The brutal attack on the Jammu and Kashmir assembly complex by a four-member fidayeen squad comes even as analysts were predicting a period of relative peace for the state consequent to the focus shifting to Afghanistan.
It was believed in particular that the terrorists who had made J&K their favourite hunting ground would now cross over to join the developing war in the neighbourhood. Monday's militant strike on the J&K legislature demolishes this notion even as it cautions us against putting too simplistic a spin on what is clearly a complicated problem made more complex by the September 11 terrorist attacks on the United States.
Prima facie, the needle of suspicion points at Pakistan, and indeed, for official India the attack only confirms the long-held view about Pakistani terrorism. That the Jaish-e-Mohammed is based in Pakistan and at least one of the dead assailants was a Pakistani national would seem to buttress this argument. From the Indian government's point, then, it is only fair that the Americans take note of our complaint, and urgently so in the context of their own recent suffering.
However, there are questions that this premise doesn't sufficiently answer. Would Pakistan mount such a savage attack in Kashmir at a time it has been strenuously striving to be on the same side as America? And in a war focused specifically on terrorism at that? It is difficult to believe that general Musharraf would compromise himself so blatantly when he needs more than ever to dispel the impression that he supports terrorism.
Cynics would no doubt see all this in a different light. Which is that having joined the United States in its fight against terrorism, general Musharraf needs as rarely before to pacify the jehadis and demonstrate his commitment to Kashmir. And what better way to achieve this than by executing a daring strike on the seat of power in Srinagar? It is common knowledge that the compulsion to make common cause with the United States has greatly discomfited general Musharraf who has had to face enormous domestic criticism on this count.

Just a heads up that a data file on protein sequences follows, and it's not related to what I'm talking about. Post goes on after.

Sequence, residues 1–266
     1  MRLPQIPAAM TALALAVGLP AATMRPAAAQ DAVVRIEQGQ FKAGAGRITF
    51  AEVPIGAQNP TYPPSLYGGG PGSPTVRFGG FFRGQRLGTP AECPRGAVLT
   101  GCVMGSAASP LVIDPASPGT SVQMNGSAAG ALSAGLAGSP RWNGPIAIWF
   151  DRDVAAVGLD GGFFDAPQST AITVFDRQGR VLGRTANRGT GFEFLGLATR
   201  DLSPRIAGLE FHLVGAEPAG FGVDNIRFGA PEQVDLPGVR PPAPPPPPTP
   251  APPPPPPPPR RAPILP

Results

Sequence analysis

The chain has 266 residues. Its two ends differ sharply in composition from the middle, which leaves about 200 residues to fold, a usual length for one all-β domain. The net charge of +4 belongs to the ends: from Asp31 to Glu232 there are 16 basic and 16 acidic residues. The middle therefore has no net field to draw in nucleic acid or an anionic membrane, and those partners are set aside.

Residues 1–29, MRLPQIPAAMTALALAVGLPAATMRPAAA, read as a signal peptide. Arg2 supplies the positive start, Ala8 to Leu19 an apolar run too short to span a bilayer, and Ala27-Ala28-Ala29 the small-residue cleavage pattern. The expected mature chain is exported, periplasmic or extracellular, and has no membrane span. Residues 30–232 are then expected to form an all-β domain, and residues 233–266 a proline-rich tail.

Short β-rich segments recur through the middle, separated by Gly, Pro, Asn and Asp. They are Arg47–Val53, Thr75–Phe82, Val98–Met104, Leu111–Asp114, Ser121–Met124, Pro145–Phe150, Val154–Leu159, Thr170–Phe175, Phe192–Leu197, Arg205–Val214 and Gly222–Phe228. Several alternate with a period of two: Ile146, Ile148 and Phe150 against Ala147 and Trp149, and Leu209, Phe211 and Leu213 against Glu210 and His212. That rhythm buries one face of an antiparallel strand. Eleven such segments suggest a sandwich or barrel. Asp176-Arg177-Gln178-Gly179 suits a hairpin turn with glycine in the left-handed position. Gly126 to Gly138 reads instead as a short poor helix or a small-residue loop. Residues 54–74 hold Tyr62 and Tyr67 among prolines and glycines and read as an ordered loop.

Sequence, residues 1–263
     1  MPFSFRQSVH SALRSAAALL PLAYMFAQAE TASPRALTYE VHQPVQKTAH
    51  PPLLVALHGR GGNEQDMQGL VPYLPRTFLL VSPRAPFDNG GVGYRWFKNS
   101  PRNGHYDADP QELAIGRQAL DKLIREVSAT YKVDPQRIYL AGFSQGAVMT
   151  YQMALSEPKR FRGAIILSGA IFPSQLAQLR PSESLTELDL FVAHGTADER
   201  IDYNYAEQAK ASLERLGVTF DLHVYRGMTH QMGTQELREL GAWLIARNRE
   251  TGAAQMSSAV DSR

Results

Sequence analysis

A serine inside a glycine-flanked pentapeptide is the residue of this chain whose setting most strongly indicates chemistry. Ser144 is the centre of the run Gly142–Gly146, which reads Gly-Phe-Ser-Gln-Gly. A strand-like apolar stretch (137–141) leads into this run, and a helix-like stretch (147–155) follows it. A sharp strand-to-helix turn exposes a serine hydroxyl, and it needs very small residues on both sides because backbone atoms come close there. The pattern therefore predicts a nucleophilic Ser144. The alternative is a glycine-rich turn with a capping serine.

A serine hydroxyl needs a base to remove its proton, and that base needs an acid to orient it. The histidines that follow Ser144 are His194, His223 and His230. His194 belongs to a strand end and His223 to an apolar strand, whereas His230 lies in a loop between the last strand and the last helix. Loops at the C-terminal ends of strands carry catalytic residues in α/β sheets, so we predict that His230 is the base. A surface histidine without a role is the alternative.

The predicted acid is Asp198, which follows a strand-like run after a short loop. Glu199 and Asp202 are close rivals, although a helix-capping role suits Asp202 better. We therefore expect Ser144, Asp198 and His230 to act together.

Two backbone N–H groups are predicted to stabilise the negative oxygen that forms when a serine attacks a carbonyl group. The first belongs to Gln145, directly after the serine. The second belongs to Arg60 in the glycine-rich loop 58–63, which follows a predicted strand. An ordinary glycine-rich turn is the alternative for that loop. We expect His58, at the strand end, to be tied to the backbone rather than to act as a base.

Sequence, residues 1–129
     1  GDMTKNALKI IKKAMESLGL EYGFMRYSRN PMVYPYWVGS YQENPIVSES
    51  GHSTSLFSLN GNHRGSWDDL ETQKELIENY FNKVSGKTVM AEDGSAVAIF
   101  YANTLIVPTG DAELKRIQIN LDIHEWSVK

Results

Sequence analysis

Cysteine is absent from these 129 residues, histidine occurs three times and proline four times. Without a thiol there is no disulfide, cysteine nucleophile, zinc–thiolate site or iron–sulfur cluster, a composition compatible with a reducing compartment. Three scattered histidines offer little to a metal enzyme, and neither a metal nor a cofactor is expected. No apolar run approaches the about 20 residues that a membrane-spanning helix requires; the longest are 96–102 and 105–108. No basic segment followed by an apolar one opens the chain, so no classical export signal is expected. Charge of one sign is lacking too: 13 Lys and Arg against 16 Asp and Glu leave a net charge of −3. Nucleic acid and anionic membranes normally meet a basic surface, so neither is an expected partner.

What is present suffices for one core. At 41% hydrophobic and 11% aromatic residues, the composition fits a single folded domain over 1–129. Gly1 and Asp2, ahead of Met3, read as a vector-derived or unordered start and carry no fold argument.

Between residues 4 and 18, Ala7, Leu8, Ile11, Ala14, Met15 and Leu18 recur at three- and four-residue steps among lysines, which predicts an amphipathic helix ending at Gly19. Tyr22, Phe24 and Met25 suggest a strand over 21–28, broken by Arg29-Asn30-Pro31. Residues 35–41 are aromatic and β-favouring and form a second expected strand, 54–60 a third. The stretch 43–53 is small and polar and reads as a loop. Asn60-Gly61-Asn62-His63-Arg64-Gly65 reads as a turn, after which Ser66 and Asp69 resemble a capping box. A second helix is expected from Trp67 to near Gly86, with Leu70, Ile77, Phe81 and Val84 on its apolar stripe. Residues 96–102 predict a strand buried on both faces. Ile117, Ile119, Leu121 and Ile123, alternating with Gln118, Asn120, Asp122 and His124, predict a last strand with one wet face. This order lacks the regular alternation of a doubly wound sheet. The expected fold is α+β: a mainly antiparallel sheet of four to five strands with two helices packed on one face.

Quite aside from the powerful lobby of jehadis, there is also a strong anti-American opinion that he has to contend with. This must explain why Pakistani newspapers, even while welcoming the support given to the US, have tended to advise the general against going the whole hog in the war led by the US. The Pakistani president is undeniably trapped in a `damned if you do, damned if you don't' dilemma.
The J&K attack perhaps stems from this peculiar situation. It could be a message from the jehadis that general Musharraf can overrule them only at his peril. Implicit in the attack could also be a warning to India about joining any global war against terrorism. The Vajpayee government must move with caution in dealing with this, and doubly so since the US response has made it clear that India cannot count on it for help.
This article was published in TimesOfIndia in Editorial section.